- Place of origin:
Cairo, Egypt (probably, made)
- Materials and Techniques:
- Museum number:
- Gallery location:
Islamic Middle East, room 42, case 2E
This rock crystal ewer is one of a series that survives in collections across Europe. They are often in cathedral treasuries, where they were rededicated after being captured from their original Islamic settings. Such high-quality rock crystal vessels were made for the rulers of Cairo during the Fatimid period (969-1171). This is confirmed by inscriptions on several of them which name specific rulers. Great skill was required to hollow out the raw rock crystal without breaking it and to carve the delicate, often very shallow, decoration. These vessels were therefore probably prestigious items which the ruler would have displayed in his own treasury of prized possessions.
Rock crystal ewer with pear shaped body, beaked rim, and slightly splayed foot. Flat handle sprouts from the back of the rim and joins the back of the body near the base. The top of the handle bears fragments of earlier carved decoration. Shoulder is plain except for three slightly projecting borders. The body is covered with near-symmetrical decoration, depicting on either side of the body the motif of a bird of prey (falcon or eagle) alighting on the back of a horned quadruped (probably a gazelle). These figural scenes are surrounded by scrolls of palmettes and split palmettes, and the whole design is set within a frame as if the object were covered by a textile with a decorative pattern. The surface is perfectly polished, the crystal is very clear, and the object is very light.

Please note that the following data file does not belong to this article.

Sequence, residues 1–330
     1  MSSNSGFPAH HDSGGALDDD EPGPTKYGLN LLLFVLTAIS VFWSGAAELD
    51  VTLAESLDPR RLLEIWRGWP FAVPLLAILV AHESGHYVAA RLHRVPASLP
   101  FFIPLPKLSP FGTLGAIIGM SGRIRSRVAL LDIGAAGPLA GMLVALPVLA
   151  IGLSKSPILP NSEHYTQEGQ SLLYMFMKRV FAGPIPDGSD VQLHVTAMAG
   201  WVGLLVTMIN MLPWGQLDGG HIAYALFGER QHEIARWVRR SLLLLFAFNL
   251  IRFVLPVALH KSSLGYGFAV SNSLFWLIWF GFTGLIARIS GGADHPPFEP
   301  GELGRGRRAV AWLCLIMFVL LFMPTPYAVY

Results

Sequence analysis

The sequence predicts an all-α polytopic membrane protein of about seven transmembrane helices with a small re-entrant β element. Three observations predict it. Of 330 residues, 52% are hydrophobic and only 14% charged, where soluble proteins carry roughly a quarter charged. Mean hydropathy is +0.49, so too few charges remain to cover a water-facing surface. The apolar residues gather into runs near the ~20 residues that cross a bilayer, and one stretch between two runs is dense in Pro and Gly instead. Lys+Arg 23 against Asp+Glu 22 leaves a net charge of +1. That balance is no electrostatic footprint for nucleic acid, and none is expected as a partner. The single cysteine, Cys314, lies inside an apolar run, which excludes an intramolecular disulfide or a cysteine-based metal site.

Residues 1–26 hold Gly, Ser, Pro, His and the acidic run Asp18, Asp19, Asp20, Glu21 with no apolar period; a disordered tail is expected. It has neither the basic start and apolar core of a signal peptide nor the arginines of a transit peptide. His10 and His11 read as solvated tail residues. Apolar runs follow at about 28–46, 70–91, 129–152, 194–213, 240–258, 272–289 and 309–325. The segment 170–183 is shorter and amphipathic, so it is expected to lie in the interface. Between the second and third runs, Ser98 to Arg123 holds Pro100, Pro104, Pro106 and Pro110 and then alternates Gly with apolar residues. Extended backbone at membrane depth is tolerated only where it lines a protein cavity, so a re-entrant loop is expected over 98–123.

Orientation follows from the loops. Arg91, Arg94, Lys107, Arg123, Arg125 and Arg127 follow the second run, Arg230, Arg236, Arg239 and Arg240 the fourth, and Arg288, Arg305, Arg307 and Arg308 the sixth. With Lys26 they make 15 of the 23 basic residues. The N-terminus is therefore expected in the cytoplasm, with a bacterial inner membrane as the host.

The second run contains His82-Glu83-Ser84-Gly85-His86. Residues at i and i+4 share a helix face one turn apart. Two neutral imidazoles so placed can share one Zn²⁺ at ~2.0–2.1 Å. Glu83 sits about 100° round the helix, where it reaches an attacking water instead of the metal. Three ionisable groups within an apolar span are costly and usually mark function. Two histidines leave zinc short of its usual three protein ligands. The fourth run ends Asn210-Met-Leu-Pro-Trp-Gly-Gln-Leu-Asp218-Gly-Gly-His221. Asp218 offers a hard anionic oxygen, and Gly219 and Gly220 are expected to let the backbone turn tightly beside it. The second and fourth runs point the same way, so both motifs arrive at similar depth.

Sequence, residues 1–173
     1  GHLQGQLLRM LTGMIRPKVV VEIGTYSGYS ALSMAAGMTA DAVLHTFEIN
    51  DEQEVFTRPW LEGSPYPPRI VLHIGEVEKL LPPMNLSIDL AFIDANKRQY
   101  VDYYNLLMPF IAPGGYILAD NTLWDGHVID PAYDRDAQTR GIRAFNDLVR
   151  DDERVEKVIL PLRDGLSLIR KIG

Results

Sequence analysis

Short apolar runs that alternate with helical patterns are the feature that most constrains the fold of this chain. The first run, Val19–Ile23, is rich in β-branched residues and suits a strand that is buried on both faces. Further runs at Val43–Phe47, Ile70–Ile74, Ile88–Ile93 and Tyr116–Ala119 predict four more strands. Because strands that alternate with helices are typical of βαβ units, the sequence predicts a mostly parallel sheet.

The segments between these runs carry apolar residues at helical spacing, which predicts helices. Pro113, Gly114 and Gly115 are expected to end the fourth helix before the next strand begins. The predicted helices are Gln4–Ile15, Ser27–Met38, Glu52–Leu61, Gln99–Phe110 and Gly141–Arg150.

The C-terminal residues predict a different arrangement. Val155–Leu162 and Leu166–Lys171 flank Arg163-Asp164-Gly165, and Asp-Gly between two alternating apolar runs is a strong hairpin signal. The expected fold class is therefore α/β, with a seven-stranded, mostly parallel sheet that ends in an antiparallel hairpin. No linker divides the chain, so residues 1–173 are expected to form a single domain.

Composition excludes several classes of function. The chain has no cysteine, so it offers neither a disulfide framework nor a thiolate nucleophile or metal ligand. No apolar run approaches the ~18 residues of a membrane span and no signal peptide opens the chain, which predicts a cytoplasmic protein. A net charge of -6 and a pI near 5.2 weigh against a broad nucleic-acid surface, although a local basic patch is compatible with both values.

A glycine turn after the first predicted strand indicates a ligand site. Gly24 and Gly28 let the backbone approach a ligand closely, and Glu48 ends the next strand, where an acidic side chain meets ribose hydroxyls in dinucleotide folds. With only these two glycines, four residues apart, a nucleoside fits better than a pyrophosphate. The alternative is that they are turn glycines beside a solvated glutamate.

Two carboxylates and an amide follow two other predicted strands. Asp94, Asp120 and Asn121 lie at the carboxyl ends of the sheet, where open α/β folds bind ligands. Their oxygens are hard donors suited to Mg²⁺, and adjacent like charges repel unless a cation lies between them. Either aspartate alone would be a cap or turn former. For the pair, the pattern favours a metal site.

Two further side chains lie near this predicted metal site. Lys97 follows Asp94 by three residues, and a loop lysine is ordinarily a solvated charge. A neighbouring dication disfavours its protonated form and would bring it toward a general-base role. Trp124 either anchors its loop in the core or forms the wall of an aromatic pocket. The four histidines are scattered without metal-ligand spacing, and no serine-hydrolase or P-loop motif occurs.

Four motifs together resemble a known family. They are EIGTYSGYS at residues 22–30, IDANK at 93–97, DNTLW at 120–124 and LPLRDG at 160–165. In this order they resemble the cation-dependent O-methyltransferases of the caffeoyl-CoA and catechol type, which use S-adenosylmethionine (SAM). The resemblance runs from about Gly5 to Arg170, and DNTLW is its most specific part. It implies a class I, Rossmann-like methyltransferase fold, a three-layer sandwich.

Place of Origin
Cairo, Egypt (probably, made)
Materials and Techniques
Height: 19.5 cm, Diameter: 9 cm of base, Height: 14.3 cm of handle, Width: 2.7 cm of handle, Width: 5.2 cm of mouth, maximum, Thickness: 5 mm of handle, Thickness: 1.7 mm of ground body, Thickness: 2 mm of body with relief decoration, approx., Weight: 580 g whole
Object history note
Originally thought to be a Byzantine object.
Historical significance: Such high quality rock crystal objects are known to have been made for the Fatimid Caliphs of Cairo. A ewer which is closely related to this one is in the Treasury of San Marco in Venice, which bears an inscription which names the Caliph al-'Aziz (975-996).
Rock crystal ewer with carved decoration, Egypt (probably Cairo), 1000-50.
Bibliographic References (Citation, Note/Abstract, NAL no)
Anna Contadini, Fatimid Art at the Victoria & Albert Museum, London: V&A Publications, 1998, pp. 37-38, plate 7
Stanley, T., with Rosser-Owen, M. and Vernoit, S. Palace and Mosque: Islamic Art from the Middle East, London: V&A Publications, 2004, pp. 94-95, pl. 106
Ewer is the subject of a V&A web object story, 'A rock crystal ewer from Egypt', [http://www.vam.ac.uk/collections/periods_styles/hiddenhistories/crystalewer/index.html]
Clive Wainwright, 'The Making of the South Kensington Museum IV. Relationships with the trade: Webb and Bardini' in Journal of History of Collections, 14, no. I (2002) pp.63-78
Labels and date
Rock Crystal Ewer
Egypt, probably Cairo
This rare ewer was carved from a single piece of the extremely hard, transparent stone known as rock crystal. On either side a bird of prey attacks an antelope. The image may have symbolised the ruler's ability to overcome his enemies.
The plain surfaces, such as the band around the neck, were probably once covered with mounts of gold and other materials. These would have contrasted with the clear crystal, which one writer of the time described as combining the properties of air and water.
Carved rock crystal
Museum no. 7904-1862 [Jameel Gallery]
Eagle; Gazelle; Falcon (bird)
Containers; Islam; Africa